Care transitions help you move from hospital to home


Let’s face it: When you’re sick and in the hospital, there’s nothing more annoying than a hospital full of sick people.

Oh, sure, you probably get good care (especially locally!) by genuinely decent people who honestly do care, and you get to lie around a lot and most of the time (despite all the old jokes) the food is even pretty decent, but the fact is, you’re in the hospital.

…and that’s usually not good.

It’s not good because you’re sick: You feel anywhere from lousy-to-dreadful, you’re scared, you don’t know exactly what’s going to happen next or who’s going to make it happen to you or if it will hurt, you can’t account for all the weird sounds you hear (or don’t), you’re getting pretty tired of telling everybody your date of birth and maybe you’re worrying about how all this is going to get paid for and how the dog/cat/iguana are doing without you and just getting to the bathroom (or not!) is a major undertaking (OK, we won’t use the word “undertaking”) and you just want to go home.

GET ME OUT OF HERE

Another funny thing about sick people in hospitals is that there’s a reason we’re in the hospital, and that’s scary! We’re sick! We’re…scared.

And if we have a spouse/family member/buddy/significant other who’s trying to take care of us, they’re feeling a lot of the same things PLUS listening to us casually whisper, every 11 seconds, “Get me out of here.”

So, do you know what happens? Right: By the time it’s getting close to actually getting out of here, we’re all so myopically focused on getting out of here that we don’t hear what we’re being told to do once we finally do get out of here because we just want to get out of here. So, somebody gives us a handful of “discharge instructions” written in Martian and we smile and nod and thank everybody and then whisper sweetly and discreetly, to whoever it is that is trying to help us:

GET ME OUT OF HERE

Do you know what happens then? Right. We go home, breathe a huge sigh of relief, inquire after the iguana, and go to sleep; then, what often happens, is that we get sick all over again (or sicker) because we don’t know what-the-heck to do to take care of ourselves because all these papers are written in Martian and we didn’t really hear much of anything because all we could hear was the sound of our own minds (or voices!) saying, “Get me out of here.”

And what often happens then is…Right. We end up back in a hospital full of sick people. Oops.

And this is particularly likely to happen to those of us who have a chronic disease or condition, like heart failure or diabetes or COPD or pneumonia, etc. Oops.

So, what if you had somebody whose job it was to actually coach you through what to do when you got home? Who could actually understand those Martian instructions? Who could (and would!) help you figure out the difference between the prescriptions you were taking when you went in and the ones they sent you home with and the ones you’re supposed to be taking now? In other words, walk you through it? Yeah? And what if it didn’t cost you anything? Yeah?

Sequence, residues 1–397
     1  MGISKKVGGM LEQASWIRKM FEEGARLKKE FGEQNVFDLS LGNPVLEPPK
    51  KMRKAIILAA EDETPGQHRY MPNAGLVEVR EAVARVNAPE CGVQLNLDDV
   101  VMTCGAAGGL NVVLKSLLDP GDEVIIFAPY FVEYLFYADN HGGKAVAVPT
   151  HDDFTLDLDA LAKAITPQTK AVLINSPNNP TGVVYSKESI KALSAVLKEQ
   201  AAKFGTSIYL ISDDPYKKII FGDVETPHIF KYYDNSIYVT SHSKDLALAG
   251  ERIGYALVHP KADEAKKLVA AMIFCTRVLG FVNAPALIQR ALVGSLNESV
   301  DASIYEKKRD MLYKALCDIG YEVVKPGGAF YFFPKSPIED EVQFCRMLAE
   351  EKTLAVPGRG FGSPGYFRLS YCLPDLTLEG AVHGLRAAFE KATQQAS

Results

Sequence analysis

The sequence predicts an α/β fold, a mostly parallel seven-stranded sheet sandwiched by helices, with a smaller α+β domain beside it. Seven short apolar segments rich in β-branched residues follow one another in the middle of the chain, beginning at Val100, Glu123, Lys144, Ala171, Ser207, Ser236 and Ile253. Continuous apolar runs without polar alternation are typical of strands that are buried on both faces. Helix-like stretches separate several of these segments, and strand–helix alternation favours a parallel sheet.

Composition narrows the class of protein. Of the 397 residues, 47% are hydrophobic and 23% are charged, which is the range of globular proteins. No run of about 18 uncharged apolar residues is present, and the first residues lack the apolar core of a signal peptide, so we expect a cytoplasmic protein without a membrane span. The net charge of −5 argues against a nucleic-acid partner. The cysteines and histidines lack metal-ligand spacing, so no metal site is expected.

This coach could (and would!) help you figure out who you need to make an appointment with, and when, how to get there, what to say (and ask!) when you get there and how to keep track of what’s happening to you, the goal being to not end up back in the hospital, worrying about an iguana with abandonment issues. Really.

It’s called “Care Transitions,” if you care, but the idea is simply to help you, the patient, transition from this care setting (hospital) to that care setting (home) so you can stay where you want to stay, which probably isn’t in the hospital.

Is this about money and healthcare costs and all that jazz? Sure! If you’re not bouncing in-and-out of said hospital every other day, it’ll save everybody money, so…OK. But that really isn’t the point if you’re you, is it? The point is to make it at home and have your life, right? So, you wouldn’t do this…why?

Right, so here’s what you (or your “person”) needs to do if you’re in the hospital or about to be or just got home and don’t read Martian: Call 532-0520 (1-800-801-0060, which is Information & Assistance, or any of the numbers at the end of this column) and say, “Care transitions,” or something close to that, or just tell whoever answers the phone what’s going on – They’ll figure it out; or, tell the folks who are caring for you in the hospital that you want to know about “Care transitions.” They’ll figure it out, too.

That’s all – The rest will happen to you. What you’ll have to do is try to pay attention and tell the truth and be the best “patient” you can be, so you won’t have to keep being a “patient,” but don’t worry about that too much. These folks understand that you’re sick.

This works – I’ve seen it – and it doesn’t hurt or cost us anything, so why not?

The iguana will thank you.

Still on the “wrong side” of Medicare’s “open enrollment?” Don’t panic, because there will be good, free, we-won’t-try-to-sell-you-anything help at the Aberdeen library this Tuesday at 2 p.m. and at the Hoquiam library (420 7th Street) at 2 p.m. on Nov. 28.

And you can always call any of the numbers at the end of this column for help from good people who won’t make you feel like an idiot. Just don’t put the iguana on the phone.

Mark Harvey is the director of Senior Information and Assistance for Olympic Area Agency on Aging. He can be reached at harvemb@dshs.wa.gov or 532-0520 in Aberdeen, (360) 942-2177 in Raymond or (360) 642-3634. FACEBOOK: Olympic Area Agency on Aging-Information & Assistance.